The mission of the Master of Science in Nutrition program is to advocate for healthy lifestyles by increasing awareness of how food and nutrients impact human health and disease, and to respect diverse nutritional needs, dietary patterns, and food preferences.
It’s becoming widely understood that nutrition plays a significant role in health and disease. The old adage “you are what you eat” has never been truer. The Master of Science in Nutrition (MScN) degree program focuses on diets that are based on whole, unprocessed foods and integrates nutritional biochemistry and pathophysiology with advanced clinical nutrition knowledge. An active-learning curriculum provides a solid foundation in holistic nutrition and food systems, complemented by skill-training in cooking, teaching and nutritional counseling.
Nutrition is a dynamic science with new research findings constantly being published. As we continue to learn about the complex relationship between food and human metabolism, there is no argument that whole and minimally processed foods are better for reducing disease risk. Fruits, vegetables, nuts and seeds provide us with many beneficial nutrients beyond vitamins and minerals. However, each individual also has their own unique nutritional needs. No one diet is right for everyone. Focusing on each person as an individual allows for variation of dietary needs that provide the best nutritional support possible.
Nutrition books are top-sellers, demonstrating that the public wants more information about nutrition. Simultaneously, chronic preventable diseases associated with lifestyle-related risk factors are on the rise. This paradox demonstrates that nutrition knowledge is not translating to individuals’ ability to make dietary changes. People need help and support to make significant behavioral changes. In order to make nutrition accessible to every individual in every community, we need a nutritional philosophy that embraces cultural preferences. We need to treat food as medicine.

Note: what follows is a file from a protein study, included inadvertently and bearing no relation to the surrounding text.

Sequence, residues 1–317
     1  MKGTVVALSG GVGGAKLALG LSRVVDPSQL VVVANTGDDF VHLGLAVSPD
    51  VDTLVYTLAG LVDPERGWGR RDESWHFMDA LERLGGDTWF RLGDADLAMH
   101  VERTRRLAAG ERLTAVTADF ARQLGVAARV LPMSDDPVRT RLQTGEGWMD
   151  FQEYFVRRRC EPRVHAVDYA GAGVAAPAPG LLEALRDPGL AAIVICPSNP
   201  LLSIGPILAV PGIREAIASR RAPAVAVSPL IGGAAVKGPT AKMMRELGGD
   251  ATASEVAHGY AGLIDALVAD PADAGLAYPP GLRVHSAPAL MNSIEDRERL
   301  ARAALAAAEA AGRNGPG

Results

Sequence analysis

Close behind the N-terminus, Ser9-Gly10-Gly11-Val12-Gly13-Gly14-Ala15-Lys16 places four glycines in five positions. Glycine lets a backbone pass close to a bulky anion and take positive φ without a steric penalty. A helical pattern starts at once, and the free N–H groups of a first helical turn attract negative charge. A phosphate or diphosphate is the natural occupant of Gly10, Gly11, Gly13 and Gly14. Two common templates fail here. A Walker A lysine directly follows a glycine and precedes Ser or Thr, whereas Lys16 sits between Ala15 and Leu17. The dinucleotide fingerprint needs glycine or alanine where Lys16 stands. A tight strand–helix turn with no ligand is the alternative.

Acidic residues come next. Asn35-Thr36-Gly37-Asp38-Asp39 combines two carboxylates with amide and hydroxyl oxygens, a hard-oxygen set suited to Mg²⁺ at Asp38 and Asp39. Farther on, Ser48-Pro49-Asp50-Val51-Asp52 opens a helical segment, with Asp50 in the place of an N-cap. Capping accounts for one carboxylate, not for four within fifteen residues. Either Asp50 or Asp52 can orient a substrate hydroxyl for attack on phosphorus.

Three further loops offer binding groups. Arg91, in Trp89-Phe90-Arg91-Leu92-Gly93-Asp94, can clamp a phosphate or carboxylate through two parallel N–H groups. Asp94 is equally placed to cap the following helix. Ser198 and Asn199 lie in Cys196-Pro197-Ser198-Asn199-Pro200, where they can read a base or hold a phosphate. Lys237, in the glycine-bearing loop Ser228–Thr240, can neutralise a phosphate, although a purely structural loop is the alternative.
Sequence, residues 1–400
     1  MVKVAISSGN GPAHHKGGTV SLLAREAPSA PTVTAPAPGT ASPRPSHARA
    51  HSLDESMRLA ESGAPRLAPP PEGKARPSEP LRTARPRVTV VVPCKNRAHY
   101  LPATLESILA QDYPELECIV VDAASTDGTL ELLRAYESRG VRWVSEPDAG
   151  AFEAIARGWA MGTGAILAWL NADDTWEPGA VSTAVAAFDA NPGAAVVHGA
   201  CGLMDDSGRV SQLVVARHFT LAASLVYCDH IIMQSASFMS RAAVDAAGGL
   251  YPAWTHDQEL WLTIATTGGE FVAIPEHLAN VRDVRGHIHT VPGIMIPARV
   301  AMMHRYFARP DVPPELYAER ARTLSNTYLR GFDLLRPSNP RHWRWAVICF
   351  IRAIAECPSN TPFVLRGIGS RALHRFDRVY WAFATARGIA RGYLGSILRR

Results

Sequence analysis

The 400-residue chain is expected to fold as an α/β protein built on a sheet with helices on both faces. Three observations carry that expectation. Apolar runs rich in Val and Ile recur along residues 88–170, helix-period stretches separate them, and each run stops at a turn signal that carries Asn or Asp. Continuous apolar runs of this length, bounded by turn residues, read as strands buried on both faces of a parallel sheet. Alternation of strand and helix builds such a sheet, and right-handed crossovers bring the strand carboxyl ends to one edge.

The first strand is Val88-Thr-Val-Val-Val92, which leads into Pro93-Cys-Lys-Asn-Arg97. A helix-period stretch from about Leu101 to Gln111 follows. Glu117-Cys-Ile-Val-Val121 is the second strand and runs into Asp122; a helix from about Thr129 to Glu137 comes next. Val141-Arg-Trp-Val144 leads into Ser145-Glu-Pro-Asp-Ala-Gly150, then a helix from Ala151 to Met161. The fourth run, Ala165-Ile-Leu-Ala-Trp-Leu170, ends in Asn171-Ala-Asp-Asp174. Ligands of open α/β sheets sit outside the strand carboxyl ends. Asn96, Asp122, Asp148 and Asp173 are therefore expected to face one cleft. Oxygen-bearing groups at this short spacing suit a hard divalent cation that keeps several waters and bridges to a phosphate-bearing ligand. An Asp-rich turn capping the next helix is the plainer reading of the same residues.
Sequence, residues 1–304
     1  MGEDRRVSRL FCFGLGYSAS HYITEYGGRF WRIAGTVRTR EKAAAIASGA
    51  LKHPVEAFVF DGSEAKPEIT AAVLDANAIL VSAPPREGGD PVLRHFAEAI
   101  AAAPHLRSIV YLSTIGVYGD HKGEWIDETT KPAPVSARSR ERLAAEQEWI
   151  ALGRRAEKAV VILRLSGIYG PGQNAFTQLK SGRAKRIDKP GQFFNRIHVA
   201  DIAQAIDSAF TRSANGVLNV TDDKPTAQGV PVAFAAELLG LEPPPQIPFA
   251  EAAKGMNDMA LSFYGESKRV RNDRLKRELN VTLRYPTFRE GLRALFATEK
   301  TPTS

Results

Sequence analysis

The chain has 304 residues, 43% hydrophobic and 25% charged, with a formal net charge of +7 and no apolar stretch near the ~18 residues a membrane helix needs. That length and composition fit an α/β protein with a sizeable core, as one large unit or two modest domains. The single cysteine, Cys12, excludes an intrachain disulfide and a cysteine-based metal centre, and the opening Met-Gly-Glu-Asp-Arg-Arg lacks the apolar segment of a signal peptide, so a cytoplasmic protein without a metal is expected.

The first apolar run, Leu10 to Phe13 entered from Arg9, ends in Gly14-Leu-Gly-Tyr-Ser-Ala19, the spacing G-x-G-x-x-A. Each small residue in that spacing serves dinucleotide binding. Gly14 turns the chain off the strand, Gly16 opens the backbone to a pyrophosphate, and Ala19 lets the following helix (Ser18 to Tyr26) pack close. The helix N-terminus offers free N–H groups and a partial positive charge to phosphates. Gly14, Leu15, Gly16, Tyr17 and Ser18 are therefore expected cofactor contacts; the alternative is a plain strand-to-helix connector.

The Master of Science in Nutrition program at NUNM prepares its graduates for a variety of settings, including health coaching and nutritional counseling, nutrition research, serving on integrative healthcare teams, being a personal chef and professional food service consultant, and involvement in community nutrition educational programs.
Program Outcomes and Competencies
The Master of Science in Nutrition program is a practice-based curriculum that facilitates advanced skills in scholarly learning and professional training in the field of nutrition. Students learn fundamental knowledge and application of integrative nutrition in the following focus areas:
- Clinical Nutrition: Students learn the complex interactions that nutrients and phytochemicals play within the human body and how deficiencies can result in subclinical and clinical conditions. Through careful analysis, nutritional interventions are designed and optimized to reduce disease and support quality of life at the individual level.
- Community Nutrition: Students are trained in population-based nutrition and determinants of health, such as food access, education and policy. Exploration of various components include economic, cultural and social influences.